This document uses the following terms:
8.3 name: A file name string restricted in length to 12 characters that includes a base name of up to eight characters, one character for a period, and up to three characters for a file name extension. For more information on 8.3 file names, see [MS-CIFS] section 220.127.116.11.1.
Distributed File System (DFS): A file system that logically groups physical shared folders located on different servers by transparently connecting them to one or more hierarchical namespaces. DFS also provides fault-tolerance and load-sharing capabilities. DFS refers to the Microsoft DFS available in Windows Server operating system platforms.
Distributed File System (DFS) client target failback: An optional feature that, when enabled, permits a DFS client to revert to a more optimal DFS target at an appropriate time after a DFS client target failover. The term "failback" refers to DFS client target failback. The DFS Referral Protocol, as specified in [MS-DFSC], describes the mechanisms by which a DFS server provides a list of DFS targets in decreasing order of optimality to the client.
Distributed File System (DFS) client target failover: When a DFS referral response has multiple targets, a DFS client attempts to find the first target that is both available and accessible. If the first DFS target in the list is not available or accessible, the DFS client determines whether the next target in the list is available and accessible. The client repeats this process until an available and accessible target is found or no more targets are left in the list of targets. DFS clients support DFS client target failover only for operations involving pathnames. The term "failover" refers to DFS client target failover. The DFS Referral Protocol, as specified in [MS-DFSC], describes the mechanisms by which a DFS server provides a list of DFS targets in decreasing order of optimality to the client.
Distributed File System (DFS) in-site referral mode: A mode in which DFS root or DFS link referral requests to a DFS server result in DFS referral responses with only those DFS targets in the same Active Directory Domain Services (AD DS) site as the DFS client requesting the DFS referral. When this mode is disabled, there is no restriction on the AD DS site of the targets returned in the referral response. This can be enabled per DFS namespace. If there are no DFS targets in the same AD DS site as the client, the DFS referral response may be empty.
Distributed File System (DFS) interlink: A special form of DFS link whose link target is a DFS domain-based namespace.
Distributed File System (DFS) link: A component in a DFS path that lies below the DFS root and maps to one or more DFS link targets. Also interchangeably used to refer to a DFS path that contains the DFS link.
Distributed File System (DFS) link target: The mapping destination of a link. A link target can be any Universal Naming Convention (UNC) path. For example, a link target could be a share or another Distributed File System (DFS) path.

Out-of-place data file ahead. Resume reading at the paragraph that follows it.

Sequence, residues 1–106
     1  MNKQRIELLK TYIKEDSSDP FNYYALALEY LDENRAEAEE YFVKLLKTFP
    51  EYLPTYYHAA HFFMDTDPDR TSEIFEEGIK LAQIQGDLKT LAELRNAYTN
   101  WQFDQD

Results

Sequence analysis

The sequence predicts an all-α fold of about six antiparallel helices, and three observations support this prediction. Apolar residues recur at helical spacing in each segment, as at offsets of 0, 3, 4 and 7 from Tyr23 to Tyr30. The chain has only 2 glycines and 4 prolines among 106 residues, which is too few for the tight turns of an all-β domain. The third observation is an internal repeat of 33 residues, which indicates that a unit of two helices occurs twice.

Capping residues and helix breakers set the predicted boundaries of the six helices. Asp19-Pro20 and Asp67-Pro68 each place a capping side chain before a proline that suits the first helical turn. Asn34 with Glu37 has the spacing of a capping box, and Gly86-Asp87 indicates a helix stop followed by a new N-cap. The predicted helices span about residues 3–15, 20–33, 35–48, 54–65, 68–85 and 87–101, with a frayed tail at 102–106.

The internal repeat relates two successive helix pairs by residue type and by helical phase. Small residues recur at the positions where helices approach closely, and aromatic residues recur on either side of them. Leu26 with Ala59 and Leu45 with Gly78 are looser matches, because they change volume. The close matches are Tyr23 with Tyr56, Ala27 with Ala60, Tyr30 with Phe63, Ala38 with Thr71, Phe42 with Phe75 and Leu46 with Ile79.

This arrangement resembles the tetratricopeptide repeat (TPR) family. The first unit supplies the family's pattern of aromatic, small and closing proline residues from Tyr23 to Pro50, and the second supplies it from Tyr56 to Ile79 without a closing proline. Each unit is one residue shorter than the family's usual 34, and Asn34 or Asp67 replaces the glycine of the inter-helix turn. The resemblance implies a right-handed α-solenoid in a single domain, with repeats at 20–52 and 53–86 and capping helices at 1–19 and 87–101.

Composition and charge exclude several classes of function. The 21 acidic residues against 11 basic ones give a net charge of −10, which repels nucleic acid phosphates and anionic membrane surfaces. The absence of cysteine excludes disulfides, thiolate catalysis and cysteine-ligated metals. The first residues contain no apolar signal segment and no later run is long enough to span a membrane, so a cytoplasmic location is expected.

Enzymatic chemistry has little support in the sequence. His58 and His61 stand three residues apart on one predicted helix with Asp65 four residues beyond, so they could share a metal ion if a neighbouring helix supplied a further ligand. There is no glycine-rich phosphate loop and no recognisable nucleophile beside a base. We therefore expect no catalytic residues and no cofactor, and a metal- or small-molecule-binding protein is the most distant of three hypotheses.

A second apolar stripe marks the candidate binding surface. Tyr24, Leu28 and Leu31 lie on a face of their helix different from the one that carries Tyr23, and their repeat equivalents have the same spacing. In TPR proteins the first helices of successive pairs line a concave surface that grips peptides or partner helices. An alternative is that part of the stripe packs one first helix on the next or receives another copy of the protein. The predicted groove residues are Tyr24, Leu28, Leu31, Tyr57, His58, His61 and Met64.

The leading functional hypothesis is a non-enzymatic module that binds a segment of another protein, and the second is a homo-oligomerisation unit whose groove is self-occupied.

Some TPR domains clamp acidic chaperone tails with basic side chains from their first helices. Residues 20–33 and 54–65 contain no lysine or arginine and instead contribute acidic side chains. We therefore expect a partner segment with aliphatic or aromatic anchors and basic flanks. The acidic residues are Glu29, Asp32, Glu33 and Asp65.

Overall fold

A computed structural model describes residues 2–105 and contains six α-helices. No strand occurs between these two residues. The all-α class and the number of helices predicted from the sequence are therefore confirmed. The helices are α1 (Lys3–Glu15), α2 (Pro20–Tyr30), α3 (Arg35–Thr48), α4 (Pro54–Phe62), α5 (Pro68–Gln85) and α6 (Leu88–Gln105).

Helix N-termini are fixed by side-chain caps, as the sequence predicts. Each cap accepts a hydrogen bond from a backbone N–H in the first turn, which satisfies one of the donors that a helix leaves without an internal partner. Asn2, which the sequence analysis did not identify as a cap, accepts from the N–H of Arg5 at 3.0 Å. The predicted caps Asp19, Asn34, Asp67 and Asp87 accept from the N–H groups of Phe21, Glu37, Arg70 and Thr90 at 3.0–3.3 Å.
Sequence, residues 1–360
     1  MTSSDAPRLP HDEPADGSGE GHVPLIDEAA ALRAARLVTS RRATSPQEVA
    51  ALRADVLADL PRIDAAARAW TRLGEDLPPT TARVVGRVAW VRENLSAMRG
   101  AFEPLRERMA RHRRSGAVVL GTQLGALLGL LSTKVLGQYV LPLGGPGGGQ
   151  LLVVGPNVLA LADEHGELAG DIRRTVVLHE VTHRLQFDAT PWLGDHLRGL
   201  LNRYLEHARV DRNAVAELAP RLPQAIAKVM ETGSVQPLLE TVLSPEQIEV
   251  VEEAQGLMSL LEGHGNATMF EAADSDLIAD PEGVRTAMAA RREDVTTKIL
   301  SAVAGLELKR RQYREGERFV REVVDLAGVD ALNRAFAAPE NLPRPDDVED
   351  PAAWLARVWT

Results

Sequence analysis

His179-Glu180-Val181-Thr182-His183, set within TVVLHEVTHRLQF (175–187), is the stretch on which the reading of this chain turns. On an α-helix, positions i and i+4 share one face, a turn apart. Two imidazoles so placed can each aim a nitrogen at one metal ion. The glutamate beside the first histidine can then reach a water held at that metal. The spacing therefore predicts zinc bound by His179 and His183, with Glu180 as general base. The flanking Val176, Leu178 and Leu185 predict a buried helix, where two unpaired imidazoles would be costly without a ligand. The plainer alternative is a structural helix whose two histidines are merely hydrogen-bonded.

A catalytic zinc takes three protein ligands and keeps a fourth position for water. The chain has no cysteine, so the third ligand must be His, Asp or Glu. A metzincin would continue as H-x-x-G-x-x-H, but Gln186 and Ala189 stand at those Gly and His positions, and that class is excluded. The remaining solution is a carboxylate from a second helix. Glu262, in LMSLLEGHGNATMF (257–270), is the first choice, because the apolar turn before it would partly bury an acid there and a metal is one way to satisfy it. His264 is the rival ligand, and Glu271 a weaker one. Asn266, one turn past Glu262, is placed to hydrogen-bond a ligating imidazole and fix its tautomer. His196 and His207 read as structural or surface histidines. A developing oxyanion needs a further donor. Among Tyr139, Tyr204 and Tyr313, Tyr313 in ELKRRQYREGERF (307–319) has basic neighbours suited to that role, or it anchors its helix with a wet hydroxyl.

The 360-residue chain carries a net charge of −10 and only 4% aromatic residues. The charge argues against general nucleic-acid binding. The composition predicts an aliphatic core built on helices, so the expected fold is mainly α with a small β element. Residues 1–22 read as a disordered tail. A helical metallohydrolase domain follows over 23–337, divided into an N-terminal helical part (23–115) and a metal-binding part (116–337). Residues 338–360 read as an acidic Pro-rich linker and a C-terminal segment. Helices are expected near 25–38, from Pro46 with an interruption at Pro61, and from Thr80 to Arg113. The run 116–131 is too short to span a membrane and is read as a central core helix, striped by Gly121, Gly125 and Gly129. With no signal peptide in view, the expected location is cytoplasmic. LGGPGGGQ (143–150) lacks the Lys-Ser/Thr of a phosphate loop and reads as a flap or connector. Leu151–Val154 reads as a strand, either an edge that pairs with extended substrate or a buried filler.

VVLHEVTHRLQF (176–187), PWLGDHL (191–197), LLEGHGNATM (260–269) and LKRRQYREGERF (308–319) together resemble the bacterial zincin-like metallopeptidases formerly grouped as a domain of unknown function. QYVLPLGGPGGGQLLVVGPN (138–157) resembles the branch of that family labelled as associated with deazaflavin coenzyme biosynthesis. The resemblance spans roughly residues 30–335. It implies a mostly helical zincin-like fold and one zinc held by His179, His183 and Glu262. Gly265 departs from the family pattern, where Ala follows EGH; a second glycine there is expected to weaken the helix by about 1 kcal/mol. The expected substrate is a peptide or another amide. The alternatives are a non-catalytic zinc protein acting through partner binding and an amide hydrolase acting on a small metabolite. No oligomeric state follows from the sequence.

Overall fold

Distributed File System (DFS) metadata: Information about a Distributed File System (DFS) namespace such as namespace name, DFS links, DFS link targets, and so on, that is maintained by a DFS server. For domain-based DFS, the metadata is stored in an Active Directory Domain Services (AD DS) object corresponding to the DFS namespace. For a stand-alone DFS namespace, the DFS root target stores the DFS metadata in an implementation-defined manner; for example, in the registry.
Distributed File System (DFS) namespace: A virtual view of shares on different servers as provided by DFS. Each file in the namespace has a logical name and a corresponding address (path). A DFS namespace consists of a root and many links and targets. The namespace starts with a root that maps to one or more root targets. Below the root are links that map to their own targets.
Distributed File System (DFS) namespace, domain-based: A DFS namespace that has configuration information stored in the Active Directory directory service. The DFS namespace may span over a distributed system that is organized hierarchically into logical domains, each with a domain controller (DC). The path to access the root or a link starts with the host domain name. A domain-based DFS root can have multiple root targets, which offers fault tolerance and load sharing at the root level.
Distributed File System (DFS) namespace, standalone: A DFS namespace that has metadata stored locally on the host server. The path to access the root or a link starts with the host server name. A stand-alone DFS root has only one root target. Stand-alone roots are not fault-tolerant; when the root target is unavailable, the entire DFS namespace is inaccessible. Stand-alone DFS roots can be made fault tolerant by creating them on clustered file servers.
Distributed File System (DFS) referral: A DFS client issues a DFS referral request to a DFS root target or a DC, depending on the DFS path accessed, to resolve a DFS root to a set of DFS root targets, or a DFS link to a set of DFS link targets. The DFS client uses the referral request process as needed to finally identify the actual share on a server that has accessed the leaf component of the DFS path. The request for a DFS referral is referred to as DFS referral request, and the response for such a request is referred to as DFS referral response.
Distributed File System (DFS) referral site costing: When appropriately enabled for a DFS namespace, an optional feature that results in a DFS referral response. In the referral response, targets are grouped into sets based on increasing Active Directory Domain Services (AD DS) site cost from the DFS client that is requesting the referral to the DFS target server. When this feature is disabled, the referral response consists of at most two target sets: one set consisting of all DFS targets in the same AD DS site as the DFS client, and the other set consisting of DFS targets that are not in the same AD DS site as the DFS client.
Distributed File System (DFS) root: The starting point of the DFS namespace. The root is often used to refer to the namespace as a whole. A DFS root maps to one or more root targets, each of which corresponds to a share on a separate server. A DFS root has one of the following formats "\\<ServerName>\<RootName>" or "\\<DomainName>\<RootName>". Where <ServerName> is the name of the root target server hosting the DFS namespace; <DomainName> is the name of the domain that hosts the DFS root; and <RootName> is the name of the root of a domain-based DFS. The DFS root must reside on an NTFS volume.